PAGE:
Personal jurisdiction is a fundamental aspect of every case. Without it, the court has no power to enter a judgment for or against a party. The precise boundary of a court's jurisdiction over a defendant has not always been clear even though the standards announced in iconic Supreme Court cases are all too familiar. The Supreme Court's decisions in Daimler AG v. Bauman, 134 S. Ct. 746 (2014), and Walden v. Fiore, 134 S. Ct. 1115 (2014), provide some clarity on the issue, while also raising some new questions.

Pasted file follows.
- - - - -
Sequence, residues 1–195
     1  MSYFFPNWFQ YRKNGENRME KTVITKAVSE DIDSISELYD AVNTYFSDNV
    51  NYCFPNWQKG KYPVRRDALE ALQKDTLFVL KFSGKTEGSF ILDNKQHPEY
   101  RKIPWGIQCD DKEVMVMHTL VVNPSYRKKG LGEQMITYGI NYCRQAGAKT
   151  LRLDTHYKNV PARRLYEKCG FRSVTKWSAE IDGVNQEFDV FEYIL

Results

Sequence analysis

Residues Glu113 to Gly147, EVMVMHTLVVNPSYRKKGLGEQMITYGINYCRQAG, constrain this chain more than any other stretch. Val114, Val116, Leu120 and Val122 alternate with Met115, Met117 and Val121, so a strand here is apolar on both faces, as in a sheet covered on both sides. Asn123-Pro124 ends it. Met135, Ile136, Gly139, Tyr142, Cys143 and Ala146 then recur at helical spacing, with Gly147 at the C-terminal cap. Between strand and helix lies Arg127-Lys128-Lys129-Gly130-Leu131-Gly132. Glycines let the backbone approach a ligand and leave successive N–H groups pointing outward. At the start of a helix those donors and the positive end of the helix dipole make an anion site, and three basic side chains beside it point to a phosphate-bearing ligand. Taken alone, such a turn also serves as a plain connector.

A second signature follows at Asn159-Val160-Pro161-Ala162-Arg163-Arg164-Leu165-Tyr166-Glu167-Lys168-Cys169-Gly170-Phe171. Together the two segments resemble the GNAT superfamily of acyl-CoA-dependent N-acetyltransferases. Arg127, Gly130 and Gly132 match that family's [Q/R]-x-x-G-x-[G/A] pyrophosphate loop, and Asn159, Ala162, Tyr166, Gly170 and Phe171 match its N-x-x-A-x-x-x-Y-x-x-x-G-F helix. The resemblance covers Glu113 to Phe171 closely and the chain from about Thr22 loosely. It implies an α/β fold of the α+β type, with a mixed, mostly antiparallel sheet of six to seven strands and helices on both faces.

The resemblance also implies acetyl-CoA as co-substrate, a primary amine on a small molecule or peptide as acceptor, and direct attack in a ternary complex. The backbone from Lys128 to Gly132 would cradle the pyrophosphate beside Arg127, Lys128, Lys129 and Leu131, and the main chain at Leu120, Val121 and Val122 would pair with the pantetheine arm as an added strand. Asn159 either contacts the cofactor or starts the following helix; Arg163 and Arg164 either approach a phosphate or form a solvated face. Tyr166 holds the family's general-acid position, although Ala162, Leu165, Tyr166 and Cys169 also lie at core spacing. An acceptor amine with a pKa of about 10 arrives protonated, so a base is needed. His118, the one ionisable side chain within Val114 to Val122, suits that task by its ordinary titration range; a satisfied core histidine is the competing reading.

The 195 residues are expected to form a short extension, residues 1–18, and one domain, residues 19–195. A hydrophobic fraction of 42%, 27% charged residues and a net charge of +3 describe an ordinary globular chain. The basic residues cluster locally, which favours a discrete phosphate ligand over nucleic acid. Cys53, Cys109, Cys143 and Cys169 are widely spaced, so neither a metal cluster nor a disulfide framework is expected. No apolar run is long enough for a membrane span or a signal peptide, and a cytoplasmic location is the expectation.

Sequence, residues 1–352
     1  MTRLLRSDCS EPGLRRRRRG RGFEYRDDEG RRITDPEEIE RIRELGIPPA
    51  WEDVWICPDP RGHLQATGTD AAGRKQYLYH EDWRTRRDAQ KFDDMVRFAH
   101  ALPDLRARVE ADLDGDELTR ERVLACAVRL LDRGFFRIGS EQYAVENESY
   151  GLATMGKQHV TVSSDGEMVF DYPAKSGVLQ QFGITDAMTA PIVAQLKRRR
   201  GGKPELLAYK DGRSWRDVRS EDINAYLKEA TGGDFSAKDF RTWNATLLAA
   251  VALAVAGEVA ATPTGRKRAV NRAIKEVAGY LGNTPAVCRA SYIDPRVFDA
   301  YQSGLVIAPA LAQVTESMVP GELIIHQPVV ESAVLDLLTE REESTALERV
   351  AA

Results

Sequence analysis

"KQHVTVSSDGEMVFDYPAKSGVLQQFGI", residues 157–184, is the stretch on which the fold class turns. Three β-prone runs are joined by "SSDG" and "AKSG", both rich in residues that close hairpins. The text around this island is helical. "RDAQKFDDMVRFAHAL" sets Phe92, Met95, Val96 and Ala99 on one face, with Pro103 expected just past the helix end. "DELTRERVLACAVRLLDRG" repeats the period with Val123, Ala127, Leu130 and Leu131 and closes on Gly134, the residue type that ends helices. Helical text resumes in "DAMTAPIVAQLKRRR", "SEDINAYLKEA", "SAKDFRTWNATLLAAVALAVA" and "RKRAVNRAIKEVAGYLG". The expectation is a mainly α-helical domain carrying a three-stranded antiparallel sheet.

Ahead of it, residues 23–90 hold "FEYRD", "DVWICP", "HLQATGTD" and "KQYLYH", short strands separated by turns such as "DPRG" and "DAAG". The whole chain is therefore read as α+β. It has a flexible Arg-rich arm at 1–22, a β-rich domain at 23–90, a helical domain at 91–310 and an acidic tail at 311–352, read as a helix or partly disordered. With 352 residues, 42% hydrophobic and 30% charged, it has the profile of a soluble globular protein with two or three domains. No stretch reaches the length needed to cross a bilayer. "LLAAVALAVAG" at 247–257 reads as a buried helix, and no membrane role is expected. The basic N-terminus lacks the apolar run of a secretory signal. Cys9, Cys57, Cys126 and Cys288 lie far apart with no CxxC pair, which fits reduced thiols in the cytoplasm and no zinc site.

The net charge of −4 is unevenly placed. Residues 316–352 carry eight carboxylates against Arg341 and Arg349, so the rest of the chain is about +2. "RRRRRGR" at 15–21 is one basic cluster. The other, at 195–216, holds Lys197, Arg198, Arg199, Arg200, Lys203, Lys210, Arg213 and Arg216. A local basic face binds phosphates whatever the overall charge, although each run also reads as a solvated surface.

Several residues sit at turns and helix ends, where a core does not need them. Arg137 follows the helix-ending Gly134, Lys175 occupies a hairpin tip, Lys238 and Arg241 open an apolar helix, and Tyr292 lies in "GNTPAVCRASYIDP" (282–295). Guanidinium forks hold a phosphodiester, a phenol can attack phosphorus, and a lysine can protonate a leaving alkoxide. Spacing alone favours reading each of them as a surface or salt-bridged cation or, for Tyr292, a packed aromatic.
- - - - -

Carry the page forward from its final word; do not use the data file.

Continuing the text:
Notwithstanding these cases, the broad structure of the personal jurisdiction analysis has remained unchanged. The due process clause still provides the outermost limit for exercising jurisdiction over a nonresident of the forum. And jurisdiction can still either be general or specific. The change, like the devil, is in the details.